Study Finds How New Blood Test Could Make Diagnosing Alzheimer's Easier

Some memory loss is considered a normal part of aging. However, its level of severity can be a warning sign of serious issues. As the National Institute on Aging puts it, forgetfulness that makes day-to-day life difficult or impairs a person's ability to take care of themself is considered a cause for concern. These could be signs of dementia, which creates difficulty in planning and carrying out complex tasks, according to the Mayo Clinic. However, dementia is more like an umbrella term — it covers the effects of many diseases.

According to the World Health Organization (WHO), the most common of these is Alzheimer's disease. An estimated 60-70% of dementia cases are Alzheimer's cases, per the WHO. This means millions of people are affected by the disease, with several million new cases each year. In the U.S. alone, an estimated six million people currently live with Alzheimer's (via the Alzheimer's Association). That number is expected to more than double by 2050, making testing and treatment vital to the health of aging Americans.

Now, a new study published in the journal Brain is shedding light on how the disease may become detectable earlier in the future.

New biomarker test may detect Alzheimer's sooner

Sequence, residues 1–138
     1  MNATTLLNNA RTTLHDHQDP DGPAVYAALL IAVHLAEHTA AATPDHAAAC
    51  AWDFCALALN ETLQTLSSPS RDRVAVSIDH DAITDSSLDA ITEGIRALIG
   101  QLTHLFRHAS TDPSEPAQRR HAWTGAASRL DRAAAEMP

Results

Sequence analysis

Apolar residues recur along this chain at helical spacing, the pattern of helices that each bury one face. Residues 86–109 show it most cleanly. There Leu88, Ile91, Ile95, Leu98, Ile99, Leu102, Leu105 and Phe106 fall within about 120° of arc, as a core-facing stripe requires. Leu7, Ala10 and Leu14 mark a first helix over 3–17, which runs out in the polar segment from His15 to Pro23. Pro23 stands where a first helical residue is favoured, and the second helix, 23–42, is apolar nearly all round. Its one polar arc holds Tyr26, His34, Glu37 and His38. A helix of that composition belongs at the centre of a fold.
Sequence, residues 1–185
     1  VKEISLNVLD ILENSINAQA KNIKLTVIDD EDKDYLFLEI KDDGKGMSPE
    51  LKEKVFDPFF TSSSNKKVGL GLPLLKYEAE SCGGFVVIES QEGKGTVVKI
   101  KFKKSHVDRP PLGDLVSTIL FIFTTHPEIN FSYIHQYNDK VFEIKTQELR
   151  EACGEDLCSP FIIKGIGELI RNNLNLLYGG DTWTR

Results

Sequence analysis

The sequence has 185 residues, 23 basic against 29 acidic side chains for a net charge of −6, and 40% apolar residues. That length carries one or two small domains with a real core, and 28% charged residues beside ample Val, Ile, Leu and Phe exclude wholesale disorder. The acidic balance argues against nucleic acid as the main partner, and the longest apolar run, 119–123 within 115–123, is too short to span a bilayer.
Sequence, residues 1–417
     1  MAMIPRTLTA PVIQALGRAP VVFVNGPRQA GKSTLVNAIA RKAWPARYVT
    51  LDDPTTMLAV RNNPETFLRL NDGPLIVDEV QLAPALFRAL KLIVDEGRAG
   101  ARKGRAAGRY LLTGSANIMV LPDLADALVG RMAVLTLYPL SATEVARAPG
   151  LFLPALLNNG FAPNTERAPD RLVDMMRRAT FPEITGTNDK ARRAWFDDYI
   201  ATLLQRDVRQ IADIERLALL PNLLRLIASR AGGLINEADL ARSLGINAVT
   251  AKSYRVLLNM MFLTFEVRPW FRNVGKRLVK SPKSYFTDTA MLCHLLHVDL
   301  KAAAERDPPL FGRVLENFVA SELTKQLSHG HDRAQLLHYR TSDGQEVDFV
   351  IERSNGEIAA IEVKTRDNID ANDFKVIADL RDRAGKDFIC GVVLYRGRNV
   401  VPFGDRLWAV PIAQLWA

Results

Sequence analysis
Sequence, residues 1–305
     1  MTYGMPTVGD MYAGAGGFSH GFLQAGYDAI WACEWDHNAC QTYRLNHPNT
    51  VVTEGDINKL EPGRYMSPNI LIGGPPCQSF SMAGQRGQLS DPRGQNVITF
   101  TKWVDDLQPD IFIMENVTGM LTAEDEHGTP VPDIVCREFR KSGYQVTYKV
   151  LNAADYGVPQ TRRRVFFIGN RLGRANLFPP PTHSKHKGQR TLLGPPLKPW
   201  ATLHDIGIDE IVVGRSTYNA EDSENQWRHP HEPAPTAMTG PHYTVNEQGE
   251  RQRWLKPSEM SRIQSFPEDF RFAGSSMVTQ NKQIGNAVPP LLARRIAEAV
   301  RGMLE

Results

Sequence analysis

According to the 2022 study published in Brain, researchers from the University of Pittsburgh School of Medicine created a test that looks for biomarkers that have been identified in autopsy results from Alzheimer's patients. These markers are unique to Alzheimer's and seem to appear across a range of demographics.

Currently, processes such as magnetic resonance imaging (MRI) and positron emission tomography (PET), are used to diagnose Alzheimer's disease, which can be expensive and inaccessible. The new test, developed by the research team led by Dr. Thomas Karikari, tests for blood markers instead. It's a more affordable and widely available testing method, which means more people can access screening before the condition worsens. As Dr. Karikari pointed out in a University of Pittsburgh press release, however, further testing is needed to ensure that populations not often included in medical screenings can be tested through this process.

As a 2019 article in Degenerative Neurological and Neuromuscular Disease states, early detection can help slow or even prevent severe Alzheimer's symptoms in some people. In others, early detection gives them the chance to adjust their lives and careers so they are better prepared for the disease's progression. In all cases, this new form of testing may help make early detection possible.